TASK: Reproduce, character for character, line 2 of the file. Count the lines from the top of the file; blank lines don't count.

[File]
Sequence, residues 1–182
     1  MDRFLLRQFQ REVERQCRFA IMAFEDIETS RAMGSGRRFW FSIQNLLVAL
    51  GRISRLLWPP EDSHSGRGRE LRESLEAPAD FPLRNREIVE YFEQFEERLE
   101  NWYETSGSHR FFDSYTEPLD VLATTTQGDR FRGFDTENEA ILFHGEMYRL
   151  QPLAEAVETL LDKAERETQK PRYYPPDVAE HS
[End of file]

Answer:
     1  MDRFLLRQFQ REVERQCRFA IMAFEDIETS RAMGSGRRFW FSIQNLLVAL